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Establish Clear Principles For Raises & Promotions
This is a small excerpt from the Compensation & the Model Workbook. It may help Hospices that continually face pressures for pay increases.
This is another “expectation management” practice that will help an organization greatly. Why should someone get a raise or promotion? This is a teaching concept, and all compensation systems teach (even bad ones teach). Here are principles that you can adopt:
- To get a raise or pay increase at this organization, you must be doing MORE than you are already being paid to do. If you haven’t been doing “extra,” why would you expect additional pay for doing the same quality or quantity of work? Longevity is not a good enough reason.
- Just because a person is “working hard” or “spending a lot of time” on something doesn’t mean that they are providing VALUE to the organization. The person may simply not have the intelligence or capability of doing the job efficiently. If someone is struggling with “routine” tasks, then, as a manager that is responsible for the allocation of assets to maximize ROI, you need to remove the person from the position, re-purpose them or train them to do their job better. Giving time or “working hard” is not enough to merit a raise or extra pay.
- Most of your professional advancement will come from your leisure time, non-paid time. Most of your professional advances will come from time that you are NOT BEING PAID directly. When you are trying to get to the next positon or place in your life or career, you naturally learn all you can about it. You read, you pay attention to anything you hear about it, you think about it and you practice to develop the skills you perceive you will need in the future position. I have found that virtually all of my professional advancements came on my own time and on my own dime.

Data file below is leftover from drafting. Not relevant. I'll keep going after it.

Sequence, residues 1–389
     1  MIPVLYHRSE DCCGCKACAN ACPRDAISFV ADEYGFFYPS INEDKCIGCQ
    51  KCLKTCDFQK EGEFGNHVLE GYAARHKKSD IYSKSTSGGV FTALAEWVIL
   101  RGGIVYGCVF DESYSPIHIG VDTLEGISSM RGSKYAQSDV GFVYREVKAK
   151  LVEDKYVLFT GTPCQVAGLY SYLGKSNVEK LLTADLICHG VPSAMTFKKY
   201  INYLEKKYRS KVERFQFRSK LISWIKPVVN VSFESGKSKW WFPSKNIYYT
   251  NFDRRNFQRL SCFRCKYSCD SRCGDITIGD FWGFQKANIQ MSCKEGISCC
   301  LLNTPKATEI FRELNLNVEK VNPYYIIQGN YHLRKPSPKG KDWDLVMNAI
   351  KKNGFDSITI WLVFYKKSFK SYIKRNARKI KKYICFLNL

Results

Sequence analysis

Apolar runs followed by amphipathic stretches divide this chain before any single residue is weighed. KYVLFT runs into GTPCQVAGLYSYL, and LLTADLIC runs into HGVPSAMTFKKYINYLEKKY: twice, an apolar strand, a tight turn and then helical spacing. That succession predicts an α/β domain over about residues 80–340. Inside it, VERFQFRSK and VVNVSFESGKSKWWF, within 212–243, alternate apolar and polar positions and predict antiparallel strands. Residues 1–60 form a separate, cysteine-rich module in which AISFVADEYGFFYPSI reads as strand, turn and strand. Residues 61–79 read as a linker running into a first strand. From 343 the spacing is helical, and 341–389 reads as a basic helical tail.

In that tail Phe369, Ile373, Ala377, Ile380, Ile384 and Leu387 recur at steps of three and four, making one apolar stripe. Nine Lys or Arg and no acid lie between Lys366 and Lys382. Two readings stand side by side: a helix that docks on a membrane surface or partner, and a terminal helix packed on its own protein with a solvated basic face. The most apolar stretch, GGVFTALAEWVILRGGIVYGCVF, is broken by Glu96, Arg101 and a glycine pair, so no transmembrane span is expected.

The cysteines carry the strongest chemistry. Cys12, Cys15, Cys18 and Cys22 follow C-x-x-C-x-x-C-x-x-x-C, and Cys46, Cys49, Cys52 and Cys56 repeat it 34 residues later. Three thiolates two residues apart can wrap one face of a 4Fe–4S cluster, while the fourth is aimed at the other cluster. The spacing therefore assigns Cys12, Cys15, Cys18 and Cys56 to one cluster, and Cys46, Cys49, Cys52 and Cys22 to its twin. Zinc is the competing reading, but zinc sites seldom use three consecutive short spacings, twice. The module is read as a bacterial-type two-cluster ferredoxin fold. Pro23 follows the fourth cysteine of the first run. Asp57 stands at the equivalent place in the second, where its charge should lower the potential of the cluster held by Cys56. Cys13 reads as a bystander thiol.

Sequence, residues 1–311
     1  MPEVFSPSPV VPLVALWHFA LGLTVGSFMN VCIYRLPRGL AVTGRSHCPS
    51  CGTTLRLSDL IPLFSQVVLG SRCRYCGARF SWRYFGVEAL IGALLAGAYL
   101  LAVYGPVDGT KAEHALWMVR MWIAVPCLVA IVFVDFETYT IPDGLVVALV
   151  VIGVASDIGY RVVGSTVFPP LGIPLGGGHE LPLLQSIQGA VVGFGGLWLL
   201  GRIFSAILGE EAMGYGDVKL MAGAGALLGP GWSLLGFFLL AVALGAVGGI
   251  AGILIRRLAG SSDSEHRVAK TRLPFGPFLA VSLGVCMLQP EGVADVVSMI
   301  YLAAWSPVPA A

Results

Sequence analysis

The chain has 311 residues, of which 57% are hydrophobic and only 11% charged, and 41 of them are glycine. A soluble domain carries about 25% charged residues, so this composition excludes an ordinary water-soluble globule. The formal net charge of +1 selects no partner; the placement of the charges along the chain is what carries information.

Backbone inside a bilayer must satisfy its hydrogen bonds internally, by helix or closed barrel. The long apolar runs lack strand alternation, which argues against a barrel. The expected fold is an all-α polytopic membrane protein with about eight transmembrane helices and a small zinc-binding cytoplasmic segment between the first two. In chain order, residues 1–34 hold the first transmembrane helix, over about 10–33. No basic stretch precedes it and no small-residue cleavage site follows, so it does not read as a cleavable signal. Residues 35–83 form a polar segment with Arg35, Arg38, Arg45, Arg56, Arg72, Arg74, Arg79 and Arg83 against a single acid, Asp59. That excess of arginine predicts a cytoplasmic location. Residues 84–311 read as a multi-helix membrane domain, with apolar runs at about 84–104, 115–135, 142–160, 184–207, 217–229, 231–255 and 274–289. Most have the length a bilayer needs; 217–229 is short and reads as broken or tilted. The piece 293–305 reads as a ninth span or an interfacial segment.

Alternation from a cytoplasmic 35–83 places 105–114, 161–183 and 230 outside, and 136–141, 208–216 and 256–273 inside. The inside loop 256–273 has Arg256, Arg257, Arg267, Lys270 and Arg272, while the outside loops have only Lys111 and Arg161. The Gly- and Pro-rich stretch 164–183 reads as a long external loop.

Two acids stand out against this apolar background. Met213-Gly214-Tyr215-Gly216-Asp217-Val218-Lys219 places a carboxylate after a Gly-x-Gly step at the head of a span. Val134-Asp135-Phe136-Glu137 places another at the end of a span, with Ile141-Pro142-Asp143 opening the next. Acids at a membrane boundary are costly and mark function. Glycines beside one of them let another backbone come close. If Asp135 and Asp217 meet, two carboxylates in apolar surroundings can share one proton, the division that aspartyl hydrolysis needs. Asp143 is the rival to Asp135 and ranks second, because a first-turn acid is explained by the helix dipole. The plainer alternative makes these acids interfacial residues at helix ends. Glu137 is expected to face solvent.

- Each person in the organization ultimately sets his or her own pay based on the value they provide. Yes, each of us sets their own pay. We do this by creating value. If you are worth it, you will get an increase. Don’t look at yourself as being “held back” by those you report to or “the man” (or the “woman!”). Realize that YOU are responsible for your life. You are Accountable for your life. You are in the driver’s seat of how you experience life. So if you want more, contribute more value!!! It really is as easy as that!
- The more you can directly link your contribution(s) to increased profitability, the easier it is to create a system to compensate you for your efforts. The easier it is to show or illustrate the relationship between your performance and results, the easier it is to get people with the power to change the compensation system to reward you. This is achieved by lowering costs, increasing revenue or both.
- Not all people are paid the same. People that contribute more value get paid more. It is all about VALUE when viewing an organization or business. We are creating value for our customers. That is why we are in business. The most talented at providing value, deserve more. They usually tend to work harder, give more time and apply themselves more. Even though it is not about “working harder” or “the amount of time” that a company should base its rewards, these factors usually accompany those that create the most value.
- The client or customer will write every paycheck you will ever receive. It is about serving the customer. Patients, families. Medicare and referral sources are the folks that write the pay checks. Yes, we serve each other as well and this is linked to how well we serve the customer ultimately, but it is our ability to IMPACT THE EXTERNAL WORLD that meets payroll and provides the means for the continuation of a business organization. The customer writes the paycheck.